—Shamim Ghazi, Department of Speech Therapy, School of Paramedical Sciences, Mashhad University of Medical Sciences, Mashhad, Iran, World Nutrition journal (March 2022)


Part I. Introduction

Chapter 1. Epidemiology of Swallowing Disorders
Thomas Murry, Ricardo L. Carrau, and Rebecca J. Howell

Part II. Anatomy and Physiology of Swallowing

Chapter 2. The Organs of Swallowing
David E. Eibling

Chapter 3. The Normal Swallow
Rebecca J. Howell

Part III. Evaluation: A. Clinical Evaluation

Chapter 4. The Otolaryngologist's Perspective
Ricardo L. Carrau and Rebecca J. Howell

Chapter 5. Speech-Language Pathology: The Clinical Swallow Examination
Christina V. Nobriga and Thomas Murry

Chapter 6. Clinical Evaluation of Swallowing Disorders: The Pediatric Perspective
Charles M. Myer IV

Chapter 7. Evaluation of Swallowing: The Gastroenterologist's Perspective
Andrew Lake and Satish S.C. Rao

Chapter 8. The Neurologist's Perspective
Kathleen M. Sarber

Chapter 9. Multidisciplinary Team Approach to the Management of Dysphagia
Winston T. Cheng

Chapter 10. The Registered Dietitian/Nutritionist's Perspective
Shayne Robinson

Chapter 11. Evaluation of Dysphagia: A Surgeon's Perspective
Ivy N. Haskins and Khashayar Vaziri

Part III. Evaluation: B. Functional Tests

Chapter 12. The Radiological Evaluation of Dysphagia: The Barium Swallow
Michael C. Burke, Robert K. Zeman, and M. Reza Taheri

Chapter 13. The Radiographical Evaluation of Dysphagia: The Modified Barium Swallow
Courtney L. Robinson

Chapter 14. Functional Endoscopic Tests of Swallowing
Daniel Weinstein

Chapter 15. Transnasal Esophagoscopy
Christopher M. Johnson and Gregory N. Postma

Chapter 16. Gastroenterological Evaluation of Swallowing
Kulthep Rattanakovit, Tanisa Patcharatrakul, and Satish S.C. Rao

Chapter 17. Laryngeal Electromyography
Steven Bielamowicz

Part IV. Pathophysiology of Swallowing Disorders

Chapter 18. Pathophysiology of Neurogenic Oropharyngeal Dysphagia
James L. Coyle, John C. Rosenbek, and Atsuko Kurosu

Chapter 19. Neuromuscular Disorders
Karen Wheeler Hegland

Chapter 20. Iatrogenic Swallowing Disorders: Chemotherapy
Loni C. Arrese and Panayiotis (Panos) Savvides

Chapter 21. Iatrogenic Swallowing Disorders: Radiotherapy
Dukagjin M. Blakaj, Loni C. Arrese, Virginia M. Diavolitsis, and John C. Grecula

Chapter 22. Dysphagia and Tracheotomy
Rohan R. Joshi and Ashutosh Kacker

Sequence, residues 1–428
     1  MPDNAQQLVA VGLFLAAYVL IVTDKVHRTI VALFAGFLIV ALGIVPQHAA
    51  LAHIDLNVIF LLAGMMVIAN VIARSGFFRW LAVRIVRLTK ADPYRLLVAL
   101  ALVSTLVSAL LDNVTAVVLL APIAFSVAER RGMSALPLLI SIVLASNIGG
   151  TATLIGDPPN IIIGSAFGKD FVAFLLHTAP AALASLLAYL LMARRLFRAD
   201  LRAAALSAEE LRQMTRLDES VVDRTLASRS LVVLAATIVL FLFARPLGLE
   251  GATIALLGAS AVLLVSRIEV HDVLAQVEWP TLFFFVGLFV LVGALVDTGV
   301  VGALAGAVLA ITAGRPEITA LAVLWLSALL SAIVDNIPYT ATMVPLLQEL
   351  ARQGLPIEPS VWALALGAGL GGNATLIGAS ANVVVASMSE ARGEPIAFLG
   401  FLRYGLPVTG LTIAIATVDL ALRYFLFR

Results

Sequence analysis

Chapter 23. Surgery of the Oral Cavity, Oropharynx, and Hypopharynx
Qasim Husain and Marc A. Cohen

Chapter 24. Pathophysiology of Swallowing Disorders After Laryngectomy
Mahmoud Issam Awad and David I. Kutler

Chapter 25. Dysphagia Associated with Skull Base Surgery
C. Arturo Solares and Ricardo L. Carrau

Chapter 26. Thyroid Surgery
David L. Steward

Chapter 27. Swallowing Disorder After Cervical Spine Surgery
David Dornbos III, Nolan B. Seim, and Ehud Mendel

Chapter 28. Disorders of Esophageal Motility
Roberta J. Hunter

Chapter 29. Zenker and Other Esophageal Diverticula
Rebecca J. Howell and John Paul Giliberto

Chapter 30. Autoimmune Disorders
Saravanan Thiagarajan and Surabhi A. Khanna

Chapter 31. Neoplasia of the Upper Aerodigestive Tract: Primary Tumors and Secondary Involvement
Brianna K. Crawley

Chapter 32. Benign Esophageal Webs and Strictures
Ashli O’Rourke

Chapter 33. Cardiopulmonary Disorders
Abhimanyu Saini and Ashima Sahni

Chapter 34. Infectious Diseases
Kelli McCauley and Rajat Madan

Part V. Nonsurgical Treatment of Swallowing Disorders

Chapter 35. Diet Modifications
Shayne Robinson

Chapter 36. Nonsurgical Therapeutic Intervention for Swallowing Disorders
Thomas Murry and Karen Wheeler Hegland

Chapter 37. Dental Prosthetics
Rebecca Leonard

Chapter 38. Passy-Muir Valve/Decannulation
Roxann Diez Gross, Lauren Dorn Enloe, and Stephanie Eleazar Reyes

Part VI. Surgical Treatment of Swallowing Disorders

Chapter 39. Tracheostomy
Paul M. Weinberger and Rebecca J. Howell

Chapter 40. Vocal Fold Injection
Brad W. deSilva and Laura Matrka

Chapter 41. Laryngeal Framework Surgery: Medialization Laryngoplasty
Robert J. Andrews, James L. Netterville, and Albert L. Mercati

Chapter 42. Cricopharyngeal Myotomy
Marsha S. Reuther and Gregory N. Postma